Research

We study the culture of science and engineering learning settings, with a focus on the norms and practices that cultivate diverse youths’ STEM-linked identities so that a STEM pathway becomes possible for a wide range of youth.

 

"What does it mean to be scientific in [this setting]? Who gets to be scientific? What are the processes by which ‘promising’ and ‘struggling’ science students get defined? How compelling, imaginable and achievable are the meanings of ‘science person’ for different students?"

(Carlone, Haun-Frank, & Webb, 2011, p. 460)

These questions anchored Dr. Carlone’s team’s previous work, which have led to explanations for STEM equity problems that center on culture and identity

 

Throughout her years of careful study of science learning settings, Dr. Carlone came up with design principles for equitable science instruction. Remarkably, this list aligned well with design principles developed by Dr. Christine Cunningham and her Engineering is Elementary team.

 

In 2013, Dr. Carlone, with support from the Museum of Science Boston, began to learn about and study classrooms enacting the EiE curriculum. She was interested in the potential of engineering to disrupt narrow, status-quo definitions of school “smartness” and “competence” and prompt meaningful disciplinary engagement for all youth.

 

We know that no one curriculum provides a magic bullet for science or engineering education reform, but we’ve found that EiE is a good tool to “think with” and “act with.” Our team’s research in elementary engineering centers on the storylines below:

 

  1. Disrupting school smartness. Engineering, when well enacted in diverse elementary classrooms, has the potential to disrupt and broaden status quo definitions of school smartness. This finding has significant impacts on classroom culture, as hierarchies between traditionally “smart” and “struggling” students are minimized and more students feel affiliated with peers and the content area.

  2. Engineering “competence." We conducted an ethnographic study of a fifth grade classroom engaged in two engineering units to identify what counted as “engineering competence” during those units. We outlined three consequential cultural narratives that shaped youths’ definitions of engineering competence: (1) get along with others; (2) be persistent; (3) use evidence. These narratives both enabled and constrained productive disciplinary engagement.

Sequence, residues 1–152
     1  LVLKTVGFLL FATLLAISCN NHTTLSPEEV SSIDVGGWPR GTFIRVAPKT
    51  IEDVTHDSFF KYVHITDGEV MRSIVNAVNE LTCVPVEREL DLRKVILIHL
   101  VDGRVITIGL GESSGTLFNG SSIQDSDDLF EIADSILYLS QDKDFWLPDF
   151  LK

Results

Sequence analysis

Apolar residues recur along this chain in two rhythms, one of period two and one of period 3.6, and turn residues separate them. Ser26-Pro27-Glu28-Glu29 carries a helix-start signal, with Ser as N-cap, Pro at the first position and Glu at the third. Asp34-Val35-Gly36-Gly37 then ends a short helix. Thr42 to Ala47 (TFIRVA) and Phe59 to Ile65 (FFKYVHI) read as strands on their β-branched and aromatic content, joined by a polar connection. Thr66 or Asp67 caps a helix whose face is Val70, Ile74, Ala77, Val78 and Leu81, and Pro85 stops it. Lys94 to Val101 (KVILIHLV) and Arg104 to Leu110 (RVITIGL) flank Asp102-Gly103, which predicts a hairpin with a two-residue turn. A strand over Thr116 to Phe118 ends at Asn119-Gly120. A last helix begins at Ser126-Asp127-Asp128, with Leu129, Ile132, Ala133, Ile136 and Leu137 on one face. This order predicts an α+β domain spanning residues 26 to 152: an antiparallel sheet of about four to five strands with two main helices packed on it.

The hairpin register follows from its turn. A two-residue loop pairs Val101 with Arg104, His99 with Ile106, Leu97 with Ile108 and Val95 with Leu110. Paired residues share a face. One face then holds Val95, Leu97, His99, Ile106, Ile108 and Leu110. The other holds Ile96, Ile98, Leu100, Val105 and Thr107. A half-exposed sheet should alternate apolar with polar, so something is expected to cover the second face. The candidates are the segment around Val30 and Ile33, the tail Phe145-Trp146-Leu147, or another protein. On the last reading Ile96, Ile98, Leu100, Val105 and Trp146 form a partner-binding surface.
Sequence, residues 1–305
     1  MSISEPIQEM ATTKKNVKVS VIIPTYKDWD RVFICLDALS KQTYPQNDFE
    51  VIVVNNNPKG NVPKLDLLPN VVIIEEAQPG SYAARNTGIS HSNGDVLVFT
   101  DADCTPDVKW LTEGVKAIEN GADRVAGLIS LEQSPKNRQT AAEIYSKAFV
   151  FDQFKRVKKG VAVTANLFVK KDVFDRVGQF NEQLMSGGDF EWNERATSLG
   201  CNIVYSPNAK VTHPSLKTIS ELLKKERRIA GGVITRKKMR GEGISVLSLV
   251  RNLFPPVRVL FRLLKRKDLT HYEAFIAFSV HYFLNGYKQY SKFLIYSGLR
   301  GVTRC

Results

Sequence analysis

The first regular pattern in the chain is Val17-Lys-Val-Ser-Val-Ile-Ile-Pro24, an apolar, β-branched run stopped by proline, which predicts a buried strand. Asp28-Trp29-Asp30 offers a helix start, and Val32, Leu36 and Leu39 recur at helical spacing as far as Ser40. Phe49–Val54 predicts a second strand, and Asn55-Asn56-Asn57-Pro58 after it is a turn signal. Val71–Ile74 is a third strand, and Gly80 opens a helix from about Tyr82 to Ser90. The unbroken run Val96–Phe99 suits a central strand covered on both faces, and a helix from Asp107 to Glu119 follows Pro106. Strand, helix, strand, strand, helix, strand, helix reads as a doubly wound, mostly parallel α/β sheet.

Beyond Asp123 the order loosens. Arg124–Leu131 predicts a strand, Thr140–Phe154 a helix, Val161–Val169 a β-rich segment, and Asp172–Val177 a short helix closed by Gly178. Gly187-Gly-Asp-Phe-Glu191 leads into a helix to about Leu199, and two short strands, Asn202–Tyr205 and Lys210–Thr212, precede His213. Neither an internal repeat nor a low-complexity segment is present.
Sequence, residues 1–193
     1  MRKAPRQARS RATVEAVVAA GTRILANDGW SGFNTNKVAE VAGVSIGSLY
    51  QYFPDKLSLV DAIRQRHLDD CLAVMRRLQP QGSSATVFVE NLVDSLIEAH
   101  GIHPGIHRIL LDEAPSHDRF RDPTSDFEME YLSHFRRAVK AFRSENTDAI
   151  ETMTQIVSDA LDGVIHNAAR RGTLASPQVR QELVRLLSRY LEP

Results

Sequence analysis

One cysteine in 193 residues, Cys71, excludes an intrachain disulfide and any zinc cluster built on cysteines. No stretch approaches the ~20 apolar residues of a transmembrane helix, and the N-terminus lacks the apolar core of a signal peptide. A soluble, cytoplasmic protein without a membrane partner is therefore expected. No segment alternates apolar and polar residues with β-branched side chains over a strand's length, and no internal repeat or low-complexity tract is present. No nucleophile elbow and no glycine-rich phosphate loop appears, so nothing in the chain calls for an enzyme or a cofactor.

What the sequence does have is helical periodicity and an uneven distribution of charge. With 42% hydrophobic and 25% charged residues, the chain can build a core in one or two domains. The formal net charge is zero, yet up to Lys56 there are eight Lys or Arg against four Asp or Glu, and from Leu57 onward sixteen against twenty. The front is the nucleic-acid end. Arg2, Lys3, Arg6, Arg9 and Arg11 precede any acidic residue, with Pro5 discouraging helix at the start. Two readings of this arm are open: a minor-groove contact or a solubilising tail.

3. Productive conflict. As youth engage in engineering design challenges, they must learn to work together, compromise, make decisions using evidence, and productively argue their perspectives. We outlined four ways students respond to conflict in groups during engineering design challenges (avoiding, inciting, minimizing, and engaging), and suggest ways to scaffold groups toward productive conflict.  

  4. Social issues and ethics. Engineering is a rich context to prepare youth to understand how decision-making intersects with beliefs, values, and evidence. In well-taught engineering classrooms, even at the elementary level, students learn to evaluate, critique, and revise claims based on evidence. They also learn that values, economics, aesthetics, and environmental concerns shape the kinds of scientific knowledge we produce and the kinds of engineering design challenges we imagine and create.

  5. Epistemic capital. Students bring with them a wealth of knowledge and understanding cultivated through lived experiences both in and out of school. These diverse assets or resources of knowledge and understanding, which we refer to as epistemic capital, have the potential to both enable and constrain students’ engagement in engineering design. What resources do students leverage as evidence to justify or legitimate design decisions? What evidence gets privileged and marginalized in the moment-to-moment classroom interactions throughout the engineering design process? Our TLC doctoral research assistant, Megan Lancaster, is examining these questions that explain the consequential nature of epistemic capital (her term) in promoting and inhibiting productive disciplinary engagement for all youth.

  6. Articles for teachers. We aim to reach broad audiences for our work, so we communicate our findings through practitioner journals like Science & Children. We’ve written about a “we culture” and “green engineering” for this excellent NSTA journal.

 

 

 

 

 

 

 

 

 

 

 

 

 

 

 

 

 

 

 

 

 

 

 

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